Thus far the game is simple - so what makes it exciting? The re-creation of the history of the land we live in is a lively subject and one which continues to enthral me after many games. It's the eternal 'What if?' historians like to ask: what if Harold was defeated at Stamford Bridge or won at Hastings? What if Arthur drove back the Saxons for good? What if the Great Army of the Danes pressed its attacks on Wessex? All these points are elegantly handled in the game through three mechanics (none of which detract from its essential simplicity). There are the specially designed victory objectives mentioned earlier; there are leaders to gather great armies and enhance their fighting power; and there are special rules for particular situations.

The victory point objectives can be great motivators. Take the Welsh, for example. They score 8 points for holding all of Wales (and this includes Devon and Cornwall) in Turn Seven; they can also score a massive 6 points for taking York at any point in the next two turns. Consequently, the Welsh always make a big effort to sack York and end up dividing the Angles. But then what do they do with their army in York - send it home to defend against menacing Irish and Saxon armies, or maintain it as a field army to keep the nations in England from getting overly powerful? And how should the Angles plan - to defend York heavily and deny the Welsh the points, at the risk of losing perhaps 30%-40% of their population, or concentrate elsewhere and let the Welsh take it easily?

Leaders can be very useful. Allowing nations to stack up armies for invasions, giving 50% extra movement and adding one to the die roll in battle, they are scattered thinly for the most part and must be used carefully, particularly by smaller nations. King Arthur, for example, will lead the Romano-British against the Saxons, Angles and Jutes, gaining points for every enemy killed. But if he leaves himself exposed and gets killed, the victor wins 3 points for themselves. At the end of the game, 5 points are at stake between Harold, William and Harald Hardrada the Norwegian for being King of England.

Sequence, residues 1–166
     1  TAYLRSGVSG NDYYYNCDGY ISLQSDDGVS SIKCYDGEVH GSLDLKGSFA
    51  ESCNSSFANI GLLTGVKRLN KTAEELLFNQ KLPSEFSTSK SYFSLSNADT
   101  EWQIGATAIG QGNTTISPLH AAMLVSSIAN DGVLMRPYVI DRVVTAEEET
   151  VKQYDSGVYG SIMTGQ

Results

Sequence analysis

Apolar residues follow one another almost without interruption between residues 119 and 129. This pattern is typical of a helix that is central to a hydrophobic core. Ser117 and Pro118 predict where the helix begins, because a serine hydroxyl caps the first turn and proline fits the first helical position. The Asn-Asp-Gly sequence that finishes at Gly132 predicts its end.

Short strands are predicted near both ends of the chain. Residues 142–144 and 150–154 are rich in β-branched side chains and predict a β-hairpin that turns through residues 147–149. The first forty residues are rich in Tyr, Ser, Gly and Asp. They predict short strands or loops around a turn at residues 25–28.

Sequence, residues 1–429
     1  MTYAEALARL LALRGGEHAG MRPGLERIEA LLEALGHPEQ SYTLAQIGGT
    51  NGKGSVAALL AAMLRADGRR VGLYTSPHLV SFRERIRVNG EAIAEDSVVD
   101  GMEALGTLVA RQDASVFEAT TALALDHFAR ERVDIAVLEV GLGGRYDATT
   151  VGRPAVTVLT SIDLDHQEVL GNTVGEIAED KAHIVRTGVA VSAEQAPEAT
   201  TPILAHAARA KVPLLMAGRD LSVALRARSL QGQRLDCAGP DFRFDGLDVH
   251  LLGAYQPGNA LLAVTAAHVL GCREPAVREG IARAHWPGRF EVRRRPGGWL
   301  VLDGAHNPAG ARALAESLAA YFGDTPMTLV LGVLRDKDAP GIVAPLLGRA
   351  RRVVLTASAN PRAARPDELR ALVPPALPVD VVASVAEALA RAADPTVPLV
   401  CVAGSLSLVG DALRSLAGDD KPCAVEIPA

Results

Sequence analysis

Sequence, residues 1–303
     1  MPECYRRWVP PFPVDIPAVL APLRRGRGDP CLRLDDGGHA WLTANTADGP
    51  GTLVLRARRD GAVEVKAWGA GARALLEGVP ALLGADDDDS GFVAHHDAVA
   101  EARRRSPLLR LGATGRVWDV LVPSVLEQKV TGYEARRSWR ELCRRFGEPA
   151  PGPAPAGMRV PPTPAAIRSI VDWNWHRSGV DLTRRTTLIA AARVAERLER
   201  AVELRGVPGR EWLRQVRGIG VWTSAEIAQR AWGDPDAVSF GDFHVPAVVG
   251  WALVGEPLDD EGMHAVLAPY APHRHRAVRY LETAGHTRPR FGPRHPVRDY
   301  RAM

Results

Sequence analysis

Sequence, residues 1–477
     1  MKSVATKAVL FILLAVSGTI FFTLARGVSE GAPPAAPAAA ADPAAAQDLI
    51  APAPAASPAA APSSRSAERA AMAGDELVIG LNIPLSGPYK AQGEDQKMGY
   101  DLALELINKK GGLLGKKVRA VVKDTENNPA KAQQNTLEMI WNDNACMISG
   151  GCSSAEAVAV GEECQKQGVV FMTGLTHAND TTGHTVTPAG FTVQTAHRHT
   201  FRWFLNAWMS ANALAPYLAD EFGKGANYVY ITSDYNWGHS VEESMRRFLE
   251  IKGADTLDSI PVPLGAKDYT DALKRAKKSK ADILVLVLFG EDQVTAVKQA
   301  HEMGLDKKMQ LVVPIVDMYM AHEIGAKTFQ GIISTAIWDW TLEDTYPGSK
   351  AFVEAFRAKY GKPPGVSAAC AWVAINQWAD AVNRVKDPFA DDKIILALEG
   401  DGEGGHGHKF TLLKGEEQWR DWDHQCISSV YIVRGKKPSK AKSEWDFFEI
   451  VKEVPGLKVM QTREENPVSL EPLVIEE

Finally there are the additional rules. These cover everything from raids, when armies can attack and then return safely from whence they came, to the election of Bretwalda or overlord of England before the strong Kings arose. Trying to remember all the rules, together with all your own victory point objectives, and your opponents', and thinking ahead to where the next invader is going to appear all make for a game where you're never really sure what's going to happen next.

An Anvil Of Blood And Terror

So, now you have an idea of how the game is played, let us progress to your first game. How do you win? I hope that the general maxim given above will be a start, but there are four different factions in the game all requiring a slightly different approach. Here are some hints which might just help you do a bit better.

THE PURPLE FACTION

The Romans have perhaps more decisions to make than any other nation in the game. They get the most points-per-area for penetrating to the heart of Albion (that's Scotland, except the Scots haven't got there yet) but this will generally mean they have to by-pass Wales and it can also leave them with too few defences down south. Despite the fact that Romans move further each turn than other armies, their mobility is not unlimited and to get additional points when the legions withdraw the Roman player must protect southern England, Cheshire and York.

If you plan on going north, you must reach York in the first turn while eliminating as many Belgae as possible. Try to take out the Brigantes in March and Cheshire as well, and defend the western flank against an early Welsh raid. Don't despair if you lose two or three armies early on through others' lucky die rolls. An alternative strategy is to go for Welsh submission, since getting all of Wales will net you 3 points anyway - more than risking going against the Highlands in Scotland. Welsh mountains are a good defensive base for the Romano-British to take over.